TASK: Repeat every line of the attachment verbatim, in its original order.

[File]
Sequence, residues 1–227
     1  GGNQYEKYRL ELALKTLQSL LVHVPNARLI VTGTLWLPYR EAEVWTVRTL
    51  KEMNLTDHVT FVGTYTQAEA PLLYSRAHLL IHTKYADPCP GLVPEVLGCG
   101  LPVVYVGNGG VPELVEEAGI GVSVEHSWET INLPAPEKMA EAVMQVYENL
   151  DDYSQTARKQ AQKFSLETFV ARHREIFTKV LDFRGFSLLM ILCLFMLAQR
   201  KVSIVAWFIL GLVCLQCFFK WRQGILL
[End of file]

Sequence, residues 1–227
     1  GGNQYEKYRL ELALKTLQSL LVHVPNARLI VTGTLWLPYR EAEVWTVRTL
    51  KEMNLTDHVT FVGTYTQAEA PLLYSRAHLL IHTKYADPCP GLVPEVLGCG
   101  LPVVYVGNGG VPELVEEAGI GVSVEHSWET INLPAPEKMA EAVMQVYENL
   151  DDYSQTARKQ AQKFSLETFV ARHREIFTKV LDFRGFSLLM ILCLFMLAQR
   201  KVSIVAWFIL GLVCLQCFFK WRQGILL